During the bitter cold snap that hit much of the United States last week, President Trump tweeted a plea to global warming: “Please come back fast, we need you!” The next morning, the largest electricity provider in America’s most populous state filed for bankruptcy because of global warming.
If the president’s cluelessness doesn’t ring alarm bells in statehouses and boardrooms around the country, the bankruptcy of Pacific Gas & Electric should. According to the company, it could no longer afford the increasing liability costs of wildfires fueled by the hotter, drier weather that climate change is bringing to California.
Fifteen of the 20 largest wildfires in the state’s history have happened since 2000, damaging homes and businesses and claiming lives. PG&E is the largest company to go belly up because of the damage from fires.
We are flying blind when it comes to the serious economic costs we face from climate change.
But PG&E is far from alone. Climate change threatens to impose heavy costs on companies around the country. The trouble is: We don’t know the extent of those potential costs — and neither do the companies.
There’s a saying I’ve always believed in: If you can’t measure it, you can’t manage it. If companies don’t measure the financial risks they face from climate change, they can’t reduce their exposure to those risks, at least not effectively.
If investors don’t know the potential liabilities a company is facing, they may overvalue it and lose their shirts. And by overvaluing companies that face serious climate risks, they undervalue companies and industries, such as renewable energy, that are designed to minimize warming.
We are flying blind when it comes to the serious economic costs we face from climate change. This lack of transparency is a market failure that’s holding back actions that would reduce emissions, mitigate risks and lead to more investment in clean energy.
We can fix this. Improving climate risk disclosure is not a sexy, splashy subject. It doesn’t get a lot of headlines or celebrity endorsements. But it can do a lot to speed up our progress, and it’s something that people across the political spectrum, and across the public and private sectors, can agree on. It should be a part of any Green New Deal, but we don’t have to wait to get started.
Publicly traded companies like PG&E are already required by law to disclose in annual filings a wide range of information about their financial health, including material risks they face. They must disclose such risks because if they suffer financial losses, the harm can spread far beyond the company to shareholders, pensioners, retirees and private investors.
Climate change is the mother of all material risks.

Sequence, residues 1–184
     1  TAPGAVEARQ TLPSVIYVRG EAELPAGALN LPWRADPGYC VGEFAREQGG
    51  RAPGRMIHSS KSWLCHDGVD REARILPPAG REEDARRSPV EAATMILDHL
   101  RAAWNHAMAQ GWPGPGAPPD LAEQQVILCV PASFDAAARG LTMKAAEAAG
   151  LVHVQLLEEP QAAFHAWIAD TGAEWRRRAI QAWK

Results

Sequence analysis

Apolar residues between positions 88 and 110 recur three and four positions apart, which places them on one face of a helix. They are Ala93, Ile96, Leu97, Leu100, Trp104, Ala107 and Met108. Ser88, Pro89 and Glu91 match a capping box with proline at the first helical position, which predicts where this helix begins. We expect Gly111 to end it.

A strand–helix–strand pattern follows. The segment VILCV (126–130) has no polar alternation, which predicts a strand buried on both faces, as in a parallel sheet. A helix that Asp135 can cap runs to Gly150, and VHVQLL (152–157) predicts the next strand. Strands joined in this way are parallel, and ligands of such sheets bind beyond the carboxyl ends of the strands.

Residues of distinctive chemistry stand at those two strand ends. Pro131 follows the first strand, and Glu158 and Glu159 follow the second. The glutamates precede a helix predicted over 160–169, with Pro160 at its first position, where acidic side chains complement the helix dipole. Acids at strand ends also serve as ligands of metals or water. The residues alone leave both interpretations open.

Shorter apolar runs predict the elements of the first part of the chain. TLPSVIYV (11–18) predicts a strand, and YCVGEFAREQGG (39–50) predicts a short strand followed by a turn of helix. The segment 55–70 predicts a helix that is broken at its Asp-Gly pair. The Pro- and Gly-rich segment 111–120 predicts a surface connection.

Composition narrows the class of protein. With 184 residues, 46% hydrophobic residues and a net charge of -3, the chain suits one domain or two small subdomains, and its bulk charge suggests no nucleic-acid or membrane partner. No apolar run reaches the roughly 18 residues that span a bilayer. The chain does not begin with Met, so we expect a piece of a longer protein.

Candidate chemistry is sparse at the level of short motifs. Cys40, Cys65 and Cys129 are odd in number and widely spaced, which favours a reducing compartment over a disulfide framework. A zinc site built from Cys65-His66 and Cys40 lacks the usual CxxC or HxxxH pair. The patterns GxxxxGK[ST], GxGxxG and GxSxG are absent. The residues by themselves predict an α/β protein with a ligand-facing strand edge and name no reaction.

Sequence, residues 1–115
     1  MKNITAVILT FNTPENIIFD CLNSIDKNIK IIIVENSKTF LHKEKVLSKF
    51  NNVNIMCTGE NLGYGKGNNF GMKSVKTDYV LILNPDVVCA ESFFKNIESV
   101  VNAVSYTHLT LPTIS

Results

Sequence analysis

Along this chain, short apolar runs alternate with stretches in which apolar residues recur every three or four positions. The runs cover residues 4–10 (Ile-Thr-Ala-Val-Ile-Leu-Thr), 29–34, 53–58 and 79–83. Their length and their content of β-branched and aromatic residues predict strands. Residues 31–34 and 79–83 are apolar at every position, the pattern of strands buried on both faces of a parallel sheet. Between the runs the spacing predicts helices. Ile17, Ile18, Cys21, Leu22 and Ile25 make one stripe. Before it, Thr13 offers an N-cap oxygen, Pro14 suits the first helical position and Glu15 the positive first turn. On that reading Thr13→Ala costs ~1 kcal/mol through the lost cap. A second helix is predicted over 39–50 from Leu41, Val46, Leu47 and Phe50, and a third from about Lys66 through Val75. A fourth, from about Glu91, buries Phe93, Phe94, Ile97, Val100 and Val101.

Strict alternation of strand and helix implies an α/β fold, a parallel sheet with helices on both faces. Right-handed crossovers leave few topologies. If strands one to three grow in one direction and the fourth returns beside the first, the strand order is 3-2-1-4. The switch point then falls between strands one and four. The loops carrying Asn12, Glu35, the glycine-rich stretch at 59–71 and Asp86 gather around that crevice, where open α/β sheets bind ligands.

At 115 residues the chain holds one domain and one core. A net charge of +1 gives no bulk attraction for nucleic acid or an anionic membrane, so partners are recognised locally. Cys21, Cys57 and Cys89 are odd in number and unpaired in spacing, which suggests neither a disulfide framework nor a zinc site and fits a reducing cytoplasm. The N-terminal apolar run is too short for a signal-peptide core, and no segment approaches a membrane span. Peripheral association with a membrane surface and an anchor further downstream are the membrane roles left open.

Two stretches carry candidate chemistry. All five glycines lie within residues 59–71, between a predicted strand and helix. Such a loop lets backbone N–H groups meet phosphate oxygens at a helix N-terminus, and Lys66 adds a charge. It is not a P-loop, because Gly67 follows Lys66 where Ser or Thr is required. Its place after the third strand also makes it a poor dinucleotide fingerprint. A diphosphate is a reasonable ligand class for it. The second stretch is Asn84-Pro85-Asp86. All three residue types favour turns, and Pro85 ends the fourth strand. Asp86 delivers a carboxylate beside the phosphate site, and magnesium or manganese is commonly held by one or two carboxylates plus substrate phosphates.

Take PG&E. Although they may not know it yet, many Californians are going to feel the effects of the company’s bankruptcy. For instance, the state’s pension system, CalPERS, owns tens of millions of dollars in PG&E stock. Still worse, PG&E provides a crucial public service for which Californians might now have to pay more.
Over the last few years, I have chaired an international effort called the Task Force on Climate Related Financial Disclosures. We created a set of recommendations to help companies measure and disclose information about how climate change could affect their facilities, their supply chains, their labor force, their delivery of products and services and other essential operations.
For example, companies with plants near coasts face a host of risks from rising sea levels and stronger storms. Companies that use a lot of water — beverage companies, farms, even microchip makers — must take into account increasing droughts. Our recommendations have been endorsed by more than 500 companies and financial institutions in 45 countries.
Businesses have strong incentives to be a part of the solution to climate change. Many companies (including mine) have reduced their energy bills by upgrading the efficiency of their buildings and moving to renewable energy. Actions like these are one reason the U.S. has been able to reduce its emissions more than any other large nation over the last decade, with almost no help from Congress.
The PG&E bankruptcy is a serious challenge for California, but it should lead more public companies to begin identifying and disclosing the potential liabilities they face from climate change. No company wants to become the next PG&E. And no one with a pension, 401(k), mutual fund or stock portfolio wants to lose money.
Better data and more transparent markets can prevent a lot of unnecessary damage to our economic and financial health. And they can help the U.S. step up the fight against climate change, without waiting for the president to get a clue.
Michael Bloomberg is the founder of Bloomberg LP, the U.N. Secretary-General’s Special Envoy for Climate Action and a former three-term mayor of New York City.